Creatine is one of the best-selling supplements of all time, particularly to athletes. It is marketed as an energy booster, and a way to increase endurance. Here’s how it works.

Biochemistry 101

This one is a three part biochemistry interlude. (Brace yourself.)

Part 1: What Creatine Is

Creatine is a peptide, or a short string of amino acids. Longer strings of amino acids make proteins; short strains make peptides. This one is built from glycine, arginine, and methionine. Therefore, your body can manufacture it from the protein you eat (or you can also ingest it ready-made in meat and fish). Once this happens, the body attaches a phosphate molecule to it, to make phosphocreatine in the muscles.

Part 2: How Creatine Donates Energy

Your body’s major energy currency is ATP, Adenosine Tri-Phosphate. It releases energy by releasing one of those phosphate molecules, turning it into ADP (Adenosine Di-Phosphate). ATP is a very biochemically expensive molecule, though—so the quickest way to get more ATP is to just regenerate the ADP that’s already hanging around. Phosphocreatine can do this by donating its extra phosphate.

Part 3: Creatine and Creatinine

When your body is trying to get rid of creatine, it becomes creatinine, which is toxic and has to be excreted. The kidneys do the job—and this is why you’ve probably seen creatinine on metabolic panels ordered by your doctor. Creatinine is a marker of kidney function: if the kidneys are efficient, levels will stay low. If levels are high, that means there’s a bottleneck at the kidneys. They’re backed up.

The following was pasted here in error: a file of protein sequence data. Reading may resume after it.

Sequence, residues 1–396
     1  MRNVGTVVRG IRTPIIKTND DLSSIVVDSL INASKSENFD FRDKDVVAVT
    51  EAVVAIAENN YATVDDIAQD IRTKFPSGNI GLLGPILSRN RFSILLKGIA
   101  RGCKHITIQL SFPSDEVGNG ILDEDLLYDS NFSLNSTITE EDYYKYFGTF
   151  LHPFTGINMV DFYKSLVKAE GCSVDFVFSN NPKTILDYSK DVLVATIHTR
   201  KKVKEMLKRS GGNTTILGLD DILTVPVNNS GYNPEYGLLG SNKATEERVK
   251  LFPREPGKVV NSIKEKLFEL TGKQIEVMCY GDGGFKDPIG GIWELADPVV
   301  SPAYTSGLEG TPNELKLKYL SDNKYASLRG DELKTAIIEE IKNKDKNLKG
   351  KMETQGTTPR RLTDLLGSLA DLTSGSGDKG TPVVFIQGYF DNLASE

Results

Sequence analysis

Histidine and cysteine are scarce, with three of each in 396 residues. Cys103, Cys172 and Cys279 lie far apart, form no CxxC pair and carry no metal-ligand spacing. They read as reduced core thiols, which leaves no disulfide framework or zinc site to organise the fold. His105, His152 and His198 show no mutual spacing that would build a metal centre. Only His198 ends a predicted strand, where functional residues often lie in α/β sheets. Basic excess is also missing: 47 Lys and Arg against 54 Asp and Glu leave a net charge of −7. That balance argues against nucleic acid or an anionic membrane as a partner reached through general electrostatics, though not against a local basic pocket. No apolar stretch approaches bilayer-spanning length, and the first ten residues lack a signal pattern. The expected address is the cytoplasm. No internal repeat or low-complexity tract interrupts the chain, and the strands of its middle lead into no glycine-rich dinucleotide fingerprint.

If you’re supplementing with creatine, there might be a backup just because there’s a higher circulating level of creatine in your body than in the average person’s. The kidneys are working just fine, there’s just more creatinine for them to deal with. You might also end up with high creatinine if you eat a very high protein diet, for the same reason: there’s more circulating creatine to begin with, and therefore more for the kidneys to eliminate.

Physiology Interlude: Kidney Function and Protein

This is a good time to discuss a common topic that comes up here: is high protein intake (or creatine supplementation) therefore bad for the kidneys?

According to this study, the answer is, only if you have reduced kidney function for some other reason. If you do, then you certainly will need to watch your protein intake, as you don’t want to overwork organs that are already having trouble. But if your kidney function is fine, there doesn’t appear to be a significant reason to be concerned.

The Upshot

Creatine does seem to be helpful for high intensity exercise particularly. It can also help with energy and even concentration.

If you supplement with creatine or eat a high protein diet but do not otherwise have reduced kidney function, a higher level of creatinine on a metabolic panel is unlikely to be concerning.